MVC (Model, View, Controller) programming paradigm is nothing new. It is in fact close to 40 years old and was invented by Trygve Reenskaug, who at the time worked for the Palo Alto Research Center of Xerox - Xerox Parc.
What strikes me as interesting is the increasing amount of people that I have heard, who have brazenly taken it upon themselves to venture into an Ruby and Rails programming, ditching their .Net / PHP and even Java development's in favour of this under matured language, without full understanding of the implications such a radical change imposes.
This might sound like a sweeping statement to make but hold on a second. CGI or the Common Gateway Interface is the oldest web technology, simple. Allaire Corporation founded by Jeremy and JJ Allaire in Minnesota, were the first to release a database driven web content server, they named this "coldfussion". Microsoft quickly took to arms with this model and implemented "Active Server Pages" or Classic ASP and today's modern version ASP .Net is in fact a MVC framework, although not in the strictest sense, however with minimal effort it can be deployed as such and with the extra advantage of having one of the fastest moving and biggest computer company's in the world behind it - Microsoft.
The real intention of MVC is the distinct separation of interfaces. The GUI or graphical user interface, is separated from the code logic or middle ware interface and again separated from the controller or data interface. Adele Goldberg while working with SmallTalk in the 1980's came up with a method of "pluggable" views to facilitate generic display of text boxes and list views, which were parametrized and reduced the amount of controller and view classes required to display them. Pluggable Views were a part of Smalltalk-80 R2.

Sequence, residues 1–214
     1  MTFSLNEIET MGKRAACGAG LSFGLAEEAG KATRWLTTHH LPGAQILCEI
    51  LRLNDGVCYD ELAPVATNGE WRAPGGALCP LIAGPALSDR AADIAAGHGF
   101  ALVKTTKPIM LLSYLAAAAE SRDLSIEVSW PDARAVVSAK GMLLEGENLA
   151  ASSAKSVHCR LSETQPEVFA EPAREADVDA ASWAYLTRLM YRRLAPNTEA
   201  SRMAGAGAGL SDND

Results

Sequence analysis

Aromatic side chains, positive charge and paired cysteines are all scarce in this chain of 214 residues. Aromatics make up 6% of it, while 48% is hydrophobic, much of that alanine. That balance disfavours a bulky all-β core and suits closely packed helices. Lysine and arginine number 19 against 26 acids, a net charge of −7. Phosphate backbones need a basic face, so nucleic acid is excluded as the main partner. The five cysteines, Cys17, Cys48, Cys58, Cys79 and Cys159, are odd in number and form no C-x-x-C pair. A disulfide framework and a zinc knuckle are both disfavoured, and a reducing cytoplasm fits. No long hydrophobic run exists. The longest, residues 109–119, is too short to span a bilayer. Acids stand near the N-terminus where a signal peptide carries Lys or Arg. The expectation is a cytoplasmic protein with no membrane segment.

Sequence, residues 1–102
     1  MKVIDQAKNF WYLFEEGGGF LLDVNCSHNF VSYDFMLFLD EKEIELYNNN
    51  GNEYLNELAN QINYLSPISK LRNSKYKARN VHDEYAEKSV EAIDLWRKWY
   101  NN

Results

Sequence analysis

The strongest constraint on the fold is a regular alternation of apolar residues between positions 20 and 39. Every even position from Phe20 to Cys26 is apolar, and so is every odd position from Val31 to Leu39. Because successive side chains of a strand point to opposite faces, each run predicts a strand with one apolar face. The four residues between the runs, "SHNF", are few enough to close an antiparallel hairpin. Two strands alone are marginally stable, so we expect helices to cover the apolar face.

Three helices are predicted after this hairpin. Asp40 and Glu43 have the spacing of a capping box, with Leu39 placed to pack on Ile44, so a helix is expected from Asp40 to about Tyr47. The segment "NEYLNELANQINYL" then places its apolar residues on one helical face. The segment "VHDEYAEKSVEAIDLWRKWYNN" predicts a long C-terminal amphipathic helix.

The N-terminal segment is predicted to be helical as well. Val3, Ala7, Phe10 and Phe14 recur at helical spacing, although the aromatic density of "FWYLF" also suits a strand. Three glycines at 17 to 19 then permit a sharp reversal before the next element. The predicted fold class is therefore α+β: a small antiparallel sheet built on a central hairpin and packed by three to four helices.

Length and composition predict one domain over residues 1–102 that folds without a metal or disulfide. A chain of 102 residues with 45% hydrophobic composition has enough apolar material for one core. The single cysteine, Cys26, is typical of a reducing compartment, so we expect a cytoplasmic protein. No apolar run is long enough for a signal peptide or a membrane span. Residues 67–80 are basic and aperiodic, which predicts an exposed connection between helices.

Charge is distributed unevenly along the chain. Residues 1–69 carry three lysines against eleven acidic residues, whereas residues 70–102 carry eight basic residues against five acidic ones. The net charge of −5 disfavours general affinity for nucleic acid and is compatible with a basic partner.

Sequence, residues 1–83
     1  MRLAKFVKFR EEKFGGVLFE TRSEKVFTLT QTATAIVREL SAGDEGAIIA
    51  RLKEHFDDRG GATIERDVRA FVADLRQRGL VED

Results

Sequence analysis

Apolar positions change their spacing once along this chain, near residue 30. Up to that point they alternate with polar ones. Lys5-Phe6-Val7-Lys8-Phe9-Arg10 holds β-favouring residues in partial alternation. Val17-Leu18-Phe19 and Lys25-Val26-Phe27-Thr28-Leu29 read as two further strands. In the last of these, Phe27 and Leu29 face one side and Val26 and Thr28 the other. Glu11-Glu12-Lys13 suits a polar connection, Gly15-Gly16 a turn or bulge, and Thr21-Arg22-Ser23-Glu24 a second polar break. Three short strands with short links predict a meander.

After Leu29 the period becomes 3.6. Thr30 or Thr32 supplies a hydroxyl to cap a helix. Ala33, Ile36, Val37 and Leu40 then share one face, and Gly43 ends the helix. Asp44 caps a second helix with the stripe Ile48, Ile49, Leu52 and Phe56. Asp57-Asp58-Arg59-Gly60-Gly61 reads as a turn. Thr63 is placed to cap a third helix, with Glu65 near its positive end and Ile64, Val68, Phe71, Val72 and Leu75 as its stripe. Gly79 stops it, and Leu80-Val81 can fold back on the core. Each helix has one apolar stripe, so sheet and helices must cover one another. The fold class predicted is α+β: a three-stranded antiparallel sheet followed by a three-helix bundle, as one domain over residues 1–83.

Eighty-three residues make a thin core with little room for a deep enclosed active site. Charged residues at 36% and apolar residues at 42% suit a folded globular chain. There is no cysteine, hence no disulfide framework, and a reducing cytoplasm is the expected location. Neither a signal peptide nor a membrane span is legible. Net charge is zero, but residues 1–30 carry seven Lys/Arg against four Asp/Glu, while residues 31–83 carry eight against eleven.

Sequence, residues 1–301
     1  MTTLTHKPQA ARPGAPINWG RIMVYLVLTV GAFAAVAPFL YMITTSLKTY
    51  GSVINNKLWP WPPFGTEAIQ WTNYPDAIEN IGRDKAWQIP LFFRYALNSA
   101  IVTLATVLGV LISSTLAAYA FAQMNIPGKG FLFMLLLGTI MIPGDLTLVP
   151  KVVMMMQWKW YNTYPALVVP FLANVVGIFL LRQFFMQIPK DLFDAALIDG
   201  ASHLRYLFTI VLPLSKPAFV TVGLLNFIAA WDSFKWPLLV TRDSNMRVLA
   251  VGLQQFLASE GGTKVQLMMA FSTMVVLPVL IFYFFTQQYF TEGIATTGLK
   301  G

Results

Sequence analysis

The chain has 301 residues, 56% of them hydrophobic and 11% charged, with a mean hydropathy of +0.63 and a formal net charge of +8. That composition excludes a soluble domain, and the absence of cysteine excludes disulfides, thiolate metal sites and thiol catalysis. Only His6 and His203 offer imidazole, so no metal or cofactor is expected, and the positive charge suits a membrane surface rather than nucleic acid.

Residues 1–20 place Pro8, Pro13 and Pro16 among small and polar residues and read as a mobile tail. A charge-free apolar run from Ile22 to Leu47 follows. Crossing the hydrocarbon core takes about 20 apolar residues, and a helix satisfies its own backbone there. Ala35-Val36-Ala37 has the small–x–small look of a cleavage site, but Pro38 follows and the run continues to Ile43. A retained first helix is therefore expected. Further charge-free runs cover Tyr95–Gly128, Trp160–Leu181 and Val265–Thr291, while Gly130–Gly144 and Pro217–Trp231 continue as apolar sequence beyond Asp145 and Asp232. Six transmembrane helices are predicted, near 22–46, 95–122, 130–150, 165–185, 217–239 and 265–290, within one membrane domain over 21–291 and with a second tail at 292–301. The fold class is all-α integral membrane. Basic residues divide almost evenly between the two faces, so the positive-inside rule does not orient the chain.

The Presentation Abstraction Control or PAC is in fact even older than the Objective interface, however I am not here talking up the history of what has already happened and neither am I about to start building SharePoint web parts in SmallTalk .Net! It's very simple to see that some people rush in to put themselves at the "bleeding edge" of technology and end up falling flat on their face, as my father used to tell me "fools rush in where angels fear to tread" is most poignant.
When Ruby is mature enough for the enterprise, I may have a use for it. As it is in it's current early stages of development there is very little that I can do with it that I can't anywhere else, in fact there is nothing that I can't do in C# .Net that Ruby offers me. Please provide some feedback, anyone as I am really interested in finding out why people are making such bizarre leaps from highly productive and highly efficient environments to buggy, incomplete experimental frameworks.
Should Ruby loose flavour and cool off within the next few years, as I'm almost certain that it will, there are going to be a lot of web app's that are require porting back to a framework, which they could have been targeted for in the first instance. If you need MVC and are sticking with *Nix then go for Struts and stick with Java. You will also have the advantage of very easy migration to/from .Net if ever required. IronRuby and the DLR on the other hand is to say simply, syntactically hungover from TCL/TK in my humble opinion.